We histologically examined the coronary arteries of 52 autopsied cases of the youths (3 to 39 years of age, mean 28.5 years) in Kyushu island, Japan, without clinical events of coronary artery diseases. The coronary artery specimens were taken from the proximal portions of the right coronary artery (Seg. 1), the left anterior descending artery (Seg. 6), and the macroscopically most stenotic region (ST). Atherosclerotic lesions were histologically classified into four types : concentric fibrous, eccentric fibrous, concentric lipid-rich, or eccentric lipid-rich type. The degrees of stenosis (< 25%, 25-50%, 50-75%, > 75%) were morphometrically evaluated. The majority of coronary arteries with under 50% stenosis were of the concentric fibrous type. Lipid-rich types of coronary atherosclerosis increased in the coronary arteries with over 50% stenosis and were observed in the Seg. 6 and ST, while 70% of Seg. 1 lesions with over 50% stenosis were of a fibrous type. Serum cholesterol levels of patients with a lipid-rich type of coronary atherosclerosis were significantly higher than those with a fibrous type. These results suggested that the early stage of coronary atherosclerosis in Japanese youths is mainly of a concentric fibrous type, which later develops to a lipid-rich type. Hypercholesterolemia would promote the progression of atherosclerosis.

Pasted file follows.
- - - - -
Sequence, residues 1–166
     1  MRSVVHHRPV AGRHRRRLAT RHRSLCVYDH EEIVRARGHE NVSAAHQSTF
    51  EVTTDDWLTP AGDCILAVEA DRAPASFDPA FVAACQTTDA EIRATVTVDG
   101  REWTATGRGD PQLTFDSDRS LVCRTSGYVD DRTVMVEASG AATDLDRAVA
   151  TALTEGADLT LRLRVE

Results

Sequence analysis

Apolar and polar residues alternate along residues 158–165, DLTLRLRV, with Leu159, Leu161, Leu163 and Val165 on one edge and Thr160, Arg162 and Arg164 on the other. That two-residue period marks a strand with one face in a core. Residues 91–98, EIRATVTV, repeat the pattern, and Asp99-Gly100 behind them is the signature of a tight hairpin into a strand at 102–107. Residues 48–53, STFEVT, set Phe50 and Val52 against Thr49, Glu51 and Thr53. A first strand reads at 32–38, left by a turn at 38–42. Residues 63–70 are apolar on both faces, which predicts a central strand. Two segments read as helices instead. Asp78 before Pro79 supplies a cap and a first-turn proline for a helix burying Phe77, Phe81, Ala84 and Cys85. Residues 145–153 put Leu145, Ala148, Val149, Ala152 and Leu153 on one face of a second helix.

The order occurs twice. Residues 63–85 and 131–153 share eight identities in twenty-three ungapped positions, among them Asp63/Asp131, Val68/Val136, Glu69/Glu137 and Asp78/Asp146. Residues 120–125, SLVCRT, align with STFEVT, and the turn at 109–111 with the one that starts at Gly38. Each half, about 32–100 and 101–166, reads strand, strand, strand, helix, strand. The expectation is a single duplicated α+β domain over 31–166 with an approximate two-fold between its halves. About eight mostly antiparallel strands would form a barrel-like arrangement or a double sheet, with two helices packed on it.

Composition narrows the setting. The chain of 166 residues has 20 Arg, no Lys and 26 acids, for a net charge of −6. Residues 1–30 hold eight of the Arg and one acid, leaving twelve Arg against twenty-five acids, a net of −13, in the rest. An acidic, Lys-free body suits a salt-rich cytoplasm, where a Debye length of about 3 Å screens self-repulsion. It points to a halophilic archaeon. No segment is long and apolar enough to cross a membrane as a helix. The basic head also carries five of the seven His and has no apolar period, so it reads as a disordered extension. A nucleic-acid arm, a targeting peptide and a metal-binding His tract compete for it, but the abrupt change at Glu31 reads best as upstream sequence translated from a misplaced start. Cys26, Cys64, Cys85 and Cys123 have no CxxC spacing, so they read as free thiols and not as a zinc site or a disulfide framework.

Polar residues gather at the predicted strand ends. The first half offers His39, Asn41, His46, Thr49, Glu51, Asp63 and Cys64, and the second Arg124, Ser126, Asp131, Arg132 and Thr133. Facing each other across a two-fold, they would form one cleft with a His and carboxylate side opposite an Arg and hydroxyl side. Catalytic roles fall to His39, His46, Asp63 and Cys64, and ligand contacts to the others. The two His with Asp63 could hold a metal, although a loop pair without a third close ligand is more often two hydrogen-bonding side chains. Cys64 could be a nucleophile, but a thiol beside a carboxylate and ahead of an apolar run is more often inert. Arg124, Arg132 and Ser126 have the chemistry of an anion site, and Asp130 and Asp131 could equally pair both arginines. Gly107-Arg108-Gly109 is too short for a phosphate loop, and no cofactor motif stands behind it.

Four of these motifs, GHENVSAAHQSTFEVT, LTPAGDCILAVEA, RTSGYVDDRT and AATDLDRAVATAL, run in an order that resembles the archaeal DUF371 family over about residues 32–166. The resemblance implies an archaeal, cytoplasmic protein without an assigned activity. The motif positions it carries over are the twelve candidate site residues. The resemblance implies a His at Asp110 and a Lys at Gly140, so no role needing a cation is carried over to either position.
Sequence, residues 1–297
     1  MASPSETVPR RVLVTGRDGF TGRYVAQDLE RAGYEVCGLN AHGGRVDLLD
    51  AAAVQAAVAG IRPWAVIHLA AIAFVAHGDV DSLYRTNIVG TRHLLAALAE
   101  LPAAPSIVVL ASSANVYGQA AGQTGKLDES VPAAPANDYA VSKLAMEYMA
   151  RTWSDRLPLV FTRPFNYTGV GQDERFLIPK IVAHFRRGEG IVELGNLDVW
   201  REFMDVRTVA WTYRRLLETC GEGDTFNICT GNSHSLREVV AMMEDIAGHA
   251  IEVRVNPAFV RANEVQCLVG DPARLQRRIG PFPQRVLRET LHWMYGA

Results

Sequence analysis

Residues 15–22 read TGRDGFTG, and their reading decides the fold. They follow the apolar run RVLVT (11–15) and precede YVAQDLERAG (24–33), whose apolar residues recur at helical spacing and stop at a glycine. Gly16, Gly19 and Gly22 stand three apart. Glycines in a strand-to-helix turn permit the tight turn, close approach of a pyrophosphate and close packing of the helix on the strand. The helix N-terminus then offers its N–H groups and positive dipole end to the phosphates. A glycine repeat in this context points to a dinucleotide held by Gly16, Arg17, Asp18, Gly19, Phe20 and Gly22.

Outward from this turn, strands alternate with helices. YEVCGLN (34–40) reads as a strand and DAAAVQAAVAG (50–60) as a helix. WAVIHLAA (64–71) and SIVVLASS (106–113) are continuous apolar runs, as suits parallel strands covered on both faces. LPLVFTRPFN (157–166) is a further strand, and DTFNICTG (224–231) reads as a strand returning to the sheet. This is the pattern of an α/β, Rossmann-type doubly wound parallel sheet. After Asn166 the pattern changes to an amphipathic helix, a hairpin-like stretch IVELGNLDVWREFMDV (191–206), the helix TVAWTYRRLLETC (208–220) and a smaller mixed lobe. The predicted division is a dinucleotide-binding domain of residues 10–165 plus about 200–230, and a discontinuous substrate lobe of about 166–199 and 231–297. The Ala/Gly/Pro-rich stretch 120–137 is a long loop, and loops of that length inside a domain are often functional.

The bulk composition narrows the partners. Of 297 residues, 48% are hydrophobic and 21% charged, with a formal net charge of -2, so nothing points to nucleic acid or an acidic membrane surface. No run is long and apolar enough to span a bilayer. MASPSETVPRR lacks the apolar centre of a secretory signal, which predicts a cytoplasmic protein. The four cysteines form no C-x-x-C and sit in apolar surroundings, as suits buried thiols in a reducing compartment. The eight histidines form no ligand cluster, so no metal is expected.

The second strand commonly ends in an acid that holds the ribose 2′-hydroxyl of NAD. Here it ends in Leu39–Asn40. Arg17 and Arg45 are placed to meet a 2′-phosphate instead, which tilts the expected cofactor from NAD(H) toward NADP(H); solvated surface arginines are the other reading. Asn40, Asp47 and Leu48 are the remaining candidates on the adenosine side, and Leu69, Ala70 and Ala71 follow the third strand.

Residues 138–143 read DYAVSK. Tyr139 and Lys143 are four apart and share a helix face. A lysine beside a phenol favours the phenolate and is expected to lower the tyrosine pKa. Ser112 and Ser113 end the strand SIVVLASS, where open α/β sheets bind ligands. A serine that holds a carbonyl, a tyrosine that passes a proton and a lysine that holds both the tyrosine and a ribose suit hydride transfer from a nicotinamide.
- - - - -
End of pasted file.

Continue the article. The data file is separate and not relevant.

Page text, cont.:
The Framingham Study was initiated in 1948 to investigate an epidemic of coronary disease in the USA, using a prospective epidemiological approach. Insights were provided into the prevalence, incidence, full clinical spectrum and predisposing factors. The major “risk factors” (a term coined by the Framingham Study) for coronary disease, stroke, peripheral artery disease and heart failure were identified and clinical misconceptions dispelled about isolated systolic hypertension, left ventricular hypertrophy, dyslipidemia, atrial fibrillation and glucose intolerance. Average values for blood lipids, blood pressure, body weight, glucose and fibrinogen were shown to be dangerously suboptimal and to have a continuous graded relationship to cardiovascular disease without critical values. Dyslipidemia, glucose intolerance and elevated fibrinogen were shown to have smaller hazard ratios in the elderly, but this was offest by a higher absolute risk. Diabetes was shown to operate more strongly in women, eliminating their advantage over men. Serum total cholesterol was shown to derive its atherogenic potential from its LDL component and also to reflect cholesterol being removed in the HDL fraction. The total/HDL-cholesterol ratio was demonstrated to be the most efficient lipid profile for predicting coronary disease. LDL was shown to be correlated with hemostatic factors, suggesting that there would be additional benefits to lowering LDL. High triglyceride associated with reduced HDL, indicating insulin resistance and small-dense LDL, was shown to be associated with excess coronary disease. All the risk factors tended to cluster, and this was shown to be promoted by insulin resistance induced by weight gain. Multivariate risk profiles were produced to facilitate risk stratification of candidates for coronary disease, stroke, peripheral artery disease and heart failure. The Framingham Study is now engaged in quantifying the independent contributions of homocysteine Lp (a), insulin resistance, small-dense LDL, C-reactive protein, clotting factors and genetic determinants of cardiovascular disease. We are now able to estimate the lifetime risk of all the atherosclerotic cardiovascluar diasease outcomes.